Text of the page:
Insertion of Section 42A by the 2019 Amendment 

Encapsulating the recommendations suggested in the HLC Report, The Arbitration, and Conciliation (Amendment) Act, 2019 came into force on the 9th of August, 2019 and was passed as Act no. 33 of 2019. Certain sections of the Act were notified on 30th August, 2019. The 2019 Amendment proposed the insertion of one of these provisions, Section 42A in the Act providing for confidentiality of the arbitration proceedings. 

Before the insertion of this clause, parties used to fall back on any confidentiality clause in the arbitration agreement or the rules of the institute of arbitration. Therefore, an express provision for maintaining the confidentiality of the arbitration proceedings was much needed. 

Section 29A vis-a-vis Section 42A

Section 29A was inserted in the Act by way of the Arbitration and Conciliation (Amendment) Act, 2015 with a view to making arbitration proceedings speedier, cost-effective and to disincentivize judicial interference. The provision mandates for an award to be passed within 12 months from when the tribunal enters upon the reference and the parties may extend this time to an additional 6 months. The 2019 Amendment proposed amendments to subsection (1) of 29A. Firstly, it excludes international commercial arbitrations from the purview of the timeline provided in this section. Secondly, the time limit for other arbitrations was changed to 12 months after the completion of pleadings from the existing period of 12 months from when the tribunal enters upon the reference. 

It must be noted that if the award is not passed within the timeline that is stipulated under Section 29A, the only alternative left is to approach the Court. At this juncture, there appears to be a conflict between Section 29A and Section 42A. 

Once the party appears before the Court, all documents submitted with respect to the dispute become a part of the public domain. Essential details, evidence, nature of the arbitration, etc. are bound to be disclosed in court proceedings. This is not just in violation of Section 42A of the Act but also the very fundamentals of alternate dispute resolution mechanisms.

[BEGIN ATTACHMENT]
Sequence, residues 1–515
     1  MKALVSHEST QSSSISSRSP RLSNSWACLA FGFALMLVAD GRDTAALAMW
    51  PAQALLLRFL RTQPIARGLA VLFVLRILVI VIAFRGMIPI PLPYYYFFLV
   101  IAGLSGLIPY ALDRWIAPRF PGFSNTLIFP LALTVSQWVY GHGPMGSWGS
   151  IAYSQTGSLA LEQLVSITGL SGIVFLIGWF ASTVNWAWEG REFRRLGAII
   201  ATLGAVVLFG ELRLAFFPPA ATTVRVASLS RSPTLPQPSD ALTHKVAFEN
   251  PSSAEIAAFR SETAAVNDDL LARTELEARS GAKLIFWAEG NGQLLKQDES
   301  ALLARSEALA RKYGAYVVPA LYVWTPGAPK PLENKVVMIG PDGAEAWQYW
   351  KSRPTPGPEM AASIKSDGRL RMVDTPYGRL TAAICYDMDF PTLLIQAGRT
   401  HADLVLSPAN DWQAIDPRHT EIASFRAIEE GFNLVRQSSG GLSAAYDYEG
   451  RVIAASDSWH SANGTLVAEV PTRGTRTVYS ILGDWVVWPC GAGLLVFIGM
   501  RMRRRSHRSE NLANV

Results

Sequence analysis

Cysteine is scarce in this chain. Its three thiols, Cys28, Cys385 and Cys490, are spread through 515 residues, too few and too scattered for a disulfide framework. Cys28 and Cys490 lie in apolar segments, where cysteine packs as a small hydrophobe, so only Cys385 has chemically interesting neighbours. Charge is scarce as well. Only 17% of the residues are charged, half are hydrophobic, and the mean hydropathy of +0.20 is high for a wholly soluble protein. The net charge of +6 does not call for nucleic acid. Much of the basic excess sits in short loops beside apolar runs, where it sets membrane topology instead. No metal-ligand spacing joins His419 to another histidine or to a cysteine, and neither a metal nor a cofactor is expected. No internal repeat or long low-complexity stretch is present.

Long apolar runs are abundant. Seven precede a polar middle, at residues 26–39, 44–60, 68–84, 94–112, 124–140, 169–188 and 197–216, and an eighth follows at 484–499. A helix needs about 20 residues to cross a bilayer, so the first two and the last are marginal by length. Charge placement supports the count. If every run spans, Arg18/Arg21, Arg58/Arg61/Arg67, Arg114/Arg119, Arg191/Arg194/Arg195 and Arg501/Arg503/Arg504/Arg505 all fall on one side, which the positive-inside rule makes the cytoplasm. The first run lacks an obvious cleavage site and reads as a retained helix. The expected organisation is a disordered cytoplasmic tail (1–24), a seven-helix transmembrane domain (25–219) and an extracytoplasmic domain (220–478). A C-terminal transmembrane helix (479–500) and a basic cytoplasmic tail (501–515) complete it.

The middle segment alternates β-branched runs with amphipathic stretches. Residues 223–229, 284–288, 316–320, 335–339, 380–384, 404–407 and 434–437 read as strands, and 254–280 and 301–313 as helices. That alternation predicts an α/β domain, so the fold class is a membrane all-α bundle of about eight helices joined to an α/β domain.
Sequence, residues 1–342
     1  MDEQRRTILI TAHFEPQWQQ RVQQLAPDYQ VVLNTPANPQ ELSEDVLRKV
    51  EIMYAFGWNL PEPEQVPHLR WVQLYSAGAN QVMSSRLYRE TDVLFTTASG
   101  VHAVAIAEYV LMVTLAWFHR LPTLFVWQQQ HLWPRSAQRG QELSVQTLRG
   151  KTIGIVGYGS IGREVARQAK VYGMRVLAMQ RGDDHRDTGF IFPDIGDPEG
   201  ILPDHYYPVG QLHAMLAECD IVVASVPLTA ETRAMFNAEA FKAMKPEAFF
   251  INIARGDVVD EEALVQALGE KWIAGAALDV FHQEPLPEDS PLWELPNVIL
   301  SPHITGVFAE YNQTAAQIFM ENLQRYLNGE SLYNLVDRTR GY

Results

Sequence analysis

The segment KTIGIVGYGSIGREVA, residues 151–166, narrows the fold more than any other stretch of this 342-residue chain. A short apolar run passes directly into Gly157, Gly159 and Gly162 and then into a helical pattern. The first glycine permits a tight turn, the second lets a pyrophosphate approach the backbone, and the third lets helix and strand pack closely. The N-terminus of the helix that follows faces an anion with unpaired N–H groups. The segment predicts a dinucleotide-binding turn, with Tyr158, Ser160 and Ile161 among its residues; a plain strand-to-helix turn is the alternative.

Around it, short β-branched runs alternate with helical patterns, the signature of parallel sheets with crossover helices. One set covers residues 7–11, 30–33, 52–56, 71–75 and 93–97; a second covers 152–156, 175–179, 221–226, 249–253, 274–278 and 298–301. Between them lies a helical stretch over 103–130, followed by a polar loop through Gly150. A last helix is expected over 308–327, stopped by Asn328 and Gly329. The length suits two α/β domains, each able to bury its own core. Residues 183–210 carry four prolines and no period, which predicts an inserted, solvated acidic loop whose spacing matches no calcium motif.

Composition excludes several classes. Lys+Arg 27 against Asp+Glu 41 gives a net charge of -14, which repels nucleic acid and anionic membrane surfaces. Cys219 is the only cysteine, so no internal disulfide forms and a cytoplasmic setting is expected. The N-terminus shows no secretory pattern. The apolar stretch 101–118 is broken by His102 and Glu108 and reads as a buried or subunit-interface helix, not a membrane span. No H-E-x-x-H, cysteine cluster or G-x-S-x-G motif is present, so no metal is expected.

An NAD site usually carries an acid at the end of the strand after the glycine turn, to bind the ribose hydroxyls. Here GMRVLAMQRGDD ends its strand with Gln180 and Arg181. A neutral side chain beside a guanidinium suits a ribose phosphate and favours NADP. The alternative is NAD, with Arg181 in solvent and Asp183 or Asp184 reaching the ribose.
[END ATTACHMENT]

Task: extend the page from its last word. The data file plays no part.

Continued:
This tussle also highlights a big lacuna in the language of Section 42A as it only provides for the disclosure of the arbitral award if necessary. However, when judicial interference comes in the way, it automatically becomes mandatory for all other relevant information involved in an arbitration proceeding to be disclosed. An example could be the difficulty in abiding by the confidentiality clause while preparing an application under Section 9 or Section 27 of the Act. 

Resolving the conflict between Section 29A and Section 42A 

In cases where there is a conflict between two parts of a statute, the rule of harmonious construction is applied. In the words of the Apex Court, “When there are, in an enactment two provisions which cannot be reconciled with each other, they should be so interpreted, that if possible, effect should be given to both”. The purpose and intent of the statute as a whole should be considered while harmonising the conflicted provisions. 

The Court in the case of CIT v. Hindustan Bulk Carriers laid down the five principles of harmonious construction-

  1. The courts must avoid a ‘head of clash’ of contradictory provisions and they must construe the contradictory provisions so as to harmonize them.
  2. When it is not possible to completely reconcile the differences in contradictory provisions, the court must interpret them in such a way so as to give effect to both provisions as much as possible.
  3. Courts must keep in mind that the interpretation which reduces one provision to a useless standing is against the essence of ‘Harmonious Construction’.
  4. To harmonize the provisions is not to render them fruitless or destroy any statutory provision.
  5. The provision of one section cannot be used to render useless the other provision, unless the court, despite all its efforts, finds a way to reconcile the differences.

It is yet to be seen how the Court will use this rule to interpret Section 29A vis-à-vis Section 42A of the Arbitration Act. 


While the insertion of Section 42A by way of the 2019 Amendment fills the vacancy that the absence of a confidentiality provision had created in the Act, it is essential to recognise and acknowledge that the vague language of the provision paves way for pitfalls that need to be clarified by the judiciary. The 2019 Amendment is credited for bringing about a positive change in the arenas of arbitration. However, it is because of unclear provisions such as section 42A that the legislature falls short in trying to make India an arbitration-friendly country.